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The Two-Paycheck Family: Balancing Jobs, Kids, and Household Tasks

Defining Equality. Equality doesn’t have to mean sameness. Frank discussion is again the key. A couple doesn’t need to work side-by-side at every task to feel equal. But they do each need to feel that there is a fair division of both the pleasurable jobs and the more unpleasant tasks. Further, they need to feel that they have equal say around issues of power and control. It doesn’t work if one partner has control over all the money or one person makes all the important decisions for the household.

I once heard a joke that went something like this:

A reporter interviewed a woman about who did what in her household. She responded, “Oh my husband makes all the important decisions.”

“What decisions do you make, then?” asked the reporter.

“Let’s see. I decide how we will spend the money, where we should live, what schools the kids should go to, what job my husband ought to take, where we go on vacations — things like that,” replied the woman.

“If that’s the case, what important decisions does your husband make?” said the perplexed newsman.

“Things like whether the United States should trade with Indonesia, where the Olympics should be held, or whether the drinking age should be changed.”

This kind of one-sidedness in control of family life is usually a prescription for disaster.

Defining Standards. Coming to agreement on who should do what is only the beginning. An even tougher part of the work is agreeing on a standard of excellence for each job. How good is “good enough?” What level of completion does the couple agree is getting the job done? Which jobs matter a lot and need an “A+” effort? Which jobs really can be kept at a “C-” level and both agree this is fine?

The couple’s division of labor won’t work if one person’s idea of taking care of the kids in the evening is reading to them and the other’s idea is reading the newspaper. It won’t work if one person cleans the baseboards with a toothbrush on her or his night to clean up and the other stacks the dishes in the sink. There’s certainly room for difference, but only if the partners feel okay about these differences or find a way to make them endearing. Felix and Oscar of Odd Couple fame are funny on Broadway but, at home, no one’s laughing.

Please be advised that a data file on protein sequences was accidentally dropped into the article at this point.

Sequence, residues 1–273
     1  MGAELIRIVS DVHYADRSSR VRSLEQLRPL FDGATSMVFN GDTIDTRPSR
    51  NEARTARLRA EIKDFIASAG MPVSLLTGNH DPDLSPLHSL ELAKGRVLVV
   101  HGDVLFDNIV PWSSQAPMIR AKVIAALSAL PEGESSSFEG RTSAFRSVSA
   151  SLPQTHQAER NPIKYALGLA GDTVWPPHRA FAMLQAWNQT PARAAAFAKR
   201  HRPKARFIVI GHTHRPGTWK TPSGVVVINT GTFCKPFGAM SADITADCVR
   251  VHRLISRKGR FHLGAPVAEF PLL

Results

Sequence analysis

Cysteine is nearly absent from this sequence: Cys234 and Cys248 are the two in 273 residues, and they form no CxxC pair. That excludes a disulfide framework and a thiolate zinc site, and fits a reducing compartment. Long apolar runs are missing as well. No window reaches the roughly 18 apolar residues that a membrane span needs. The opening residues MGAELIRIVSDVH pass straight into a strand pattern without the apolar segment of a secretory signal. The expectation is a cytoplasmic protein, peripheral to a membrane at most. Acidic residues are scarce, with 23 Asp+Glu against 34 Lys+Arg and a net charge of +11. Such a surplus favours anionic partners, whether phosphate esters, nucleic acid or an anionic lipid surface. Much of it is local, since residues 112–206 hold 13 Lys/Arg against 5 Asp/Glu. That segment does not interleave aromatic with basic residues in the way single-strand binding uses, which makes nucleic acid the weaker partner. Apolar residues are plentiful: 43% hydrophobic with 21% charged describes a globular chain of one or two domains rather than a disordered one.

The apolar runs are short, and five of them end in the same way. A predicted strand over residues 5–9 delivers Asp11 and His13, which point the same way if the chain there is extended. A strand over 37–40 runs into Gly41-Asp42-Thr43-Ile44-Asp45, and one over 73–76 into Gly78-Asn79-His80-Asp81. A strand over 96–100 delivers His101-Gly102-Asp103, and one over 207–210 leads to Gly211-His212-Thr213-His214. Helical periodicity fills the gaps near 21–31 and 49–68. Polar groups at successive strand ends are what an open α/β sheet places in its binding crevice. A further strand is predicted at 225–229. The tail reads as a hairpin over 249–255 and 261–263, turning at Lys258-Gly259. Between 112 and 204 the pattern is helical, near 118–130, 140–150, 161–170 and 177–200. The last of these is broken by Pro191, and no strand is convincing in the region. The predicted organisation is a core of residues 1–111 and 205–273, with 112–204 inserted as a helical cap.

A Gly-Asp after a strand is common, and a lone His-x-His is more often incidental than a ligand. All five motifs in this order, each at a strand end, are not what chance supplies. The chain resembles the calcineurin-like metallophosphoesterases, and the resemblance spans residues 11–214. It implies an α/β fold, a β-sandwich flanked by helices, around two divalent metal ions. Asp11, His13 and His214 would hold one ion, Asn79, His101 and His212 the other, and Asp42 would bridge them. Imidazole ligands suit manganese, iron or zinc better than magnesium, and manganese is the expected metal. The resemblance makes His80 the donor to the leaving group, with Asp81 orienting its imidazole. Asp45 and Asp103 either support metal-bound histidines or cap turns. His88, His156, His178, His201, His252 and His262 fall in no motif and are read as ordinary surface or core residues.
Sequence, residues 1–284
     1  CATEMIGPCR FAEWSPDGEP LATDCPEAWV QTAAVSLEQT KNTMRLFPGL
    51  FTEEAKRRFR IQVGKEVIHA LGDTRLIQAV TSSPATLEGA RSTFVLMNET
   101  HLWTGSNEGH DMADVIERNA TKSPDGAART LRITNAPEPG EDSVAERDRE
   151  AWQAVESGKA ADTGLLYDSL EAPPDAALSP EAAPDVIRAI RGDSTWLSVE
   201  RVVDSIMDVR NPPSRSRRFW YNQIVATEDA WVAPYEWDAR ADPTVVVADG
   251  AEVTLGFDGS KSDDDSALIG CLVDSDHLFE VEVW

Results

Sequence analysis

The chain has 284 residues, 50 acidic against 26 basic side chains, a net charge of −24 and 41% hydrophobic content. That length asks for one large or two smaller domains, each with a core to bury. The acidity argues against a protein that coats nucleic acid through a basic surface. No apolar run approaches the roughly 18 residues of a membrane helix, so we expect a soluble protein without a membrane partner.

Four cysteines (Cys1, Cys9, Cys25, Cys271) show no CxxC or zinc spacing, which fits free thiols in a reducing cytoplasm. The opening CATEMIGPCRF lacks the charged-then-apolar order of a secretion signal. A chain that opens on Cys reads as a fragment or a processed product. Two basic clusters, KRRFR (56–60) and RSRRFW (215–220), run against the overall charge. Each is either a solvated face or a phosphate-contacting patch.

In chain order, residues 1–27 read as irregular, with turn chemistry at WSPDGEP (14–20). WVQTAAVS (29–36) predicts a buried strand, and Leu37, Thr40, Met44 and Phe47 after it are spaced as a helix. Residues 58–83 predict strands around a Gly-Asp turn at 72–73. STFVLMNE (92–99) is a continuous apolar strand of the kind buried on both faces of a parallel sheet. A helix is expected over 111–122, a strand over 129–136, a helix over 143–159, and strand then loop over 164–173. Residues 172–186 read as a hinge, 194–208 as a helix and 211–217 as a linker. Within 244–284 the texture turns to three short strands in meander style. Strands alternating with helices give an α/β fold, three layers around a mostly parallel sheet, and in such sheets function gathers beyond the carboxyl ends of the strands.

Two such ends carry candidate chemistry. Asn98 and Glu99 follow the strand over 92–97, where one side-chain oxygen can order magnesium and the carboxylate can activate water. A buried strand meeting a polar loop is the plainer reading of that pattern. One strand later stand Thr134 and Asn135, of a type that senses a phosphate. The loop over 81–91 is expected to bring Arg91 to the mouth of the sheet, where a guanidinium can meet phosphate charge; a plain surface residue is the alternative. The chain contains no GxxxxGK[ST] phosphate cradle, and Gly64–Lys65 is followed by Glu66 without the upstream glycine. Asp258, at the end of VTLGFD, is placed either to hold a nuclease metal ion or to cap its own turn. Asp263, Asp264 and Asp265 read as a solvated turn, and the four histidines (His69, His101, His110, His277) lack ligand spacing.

Expressing Appreciation. Managing jobs, home, kids, finances, and, oh yes, remembering the person you are married to in the midst of it all, is indeed taxing in the best of circumstances. Add a run of chickenpox, a family emergency, a crisis at work, or a major house repair to the mix, and it can truly feel impossible. Yet, most of us are doing the impossible almost every day.

It’s important to acknowledge (at least to each other) that problems often result from the job itself being way too big; this fact in no way implies that the people trying to do it are in some way too small. An important ingredient to survival, if not the experience of outright joy, is to not feel taken for granted while doing our best to manage. As partners, our most important job is to appreciate and love each other and to tell each other so — often.

The Two-Paycheck Family: Balancing Jobs, Kids, and Household Tasks

Marie Hartwell-Walker, Ed.D.

Marie Hartwell-WalkerDr. Marie Hartwell-Walker is licensed as both a psychologist and marriage and family counselor. She specializes in couples and family therapy and parent education. She writes regularly for Psych Central as well as Psych Central's Ask the Therapist feature. She is author of the insightful parenting e-book, Tending the Family Heart.

Check out her book, Unlocking the Secrets of Self-Esteem.

APA Reference
Hartwell-Walker, M. (2020). The Two-Paycheck Family: Balancing Jobs, Kids, and Household Tasks. Psych Central. Retrieved on February 29, 2020, from
Scientifically Reviewed
Last updated: 14 Jan 2020 (Originally: 17 May 2016)
Last reviewed: By a member of our scientific advisory board on 14 Jan 2020
Published on Psych All rights reserved.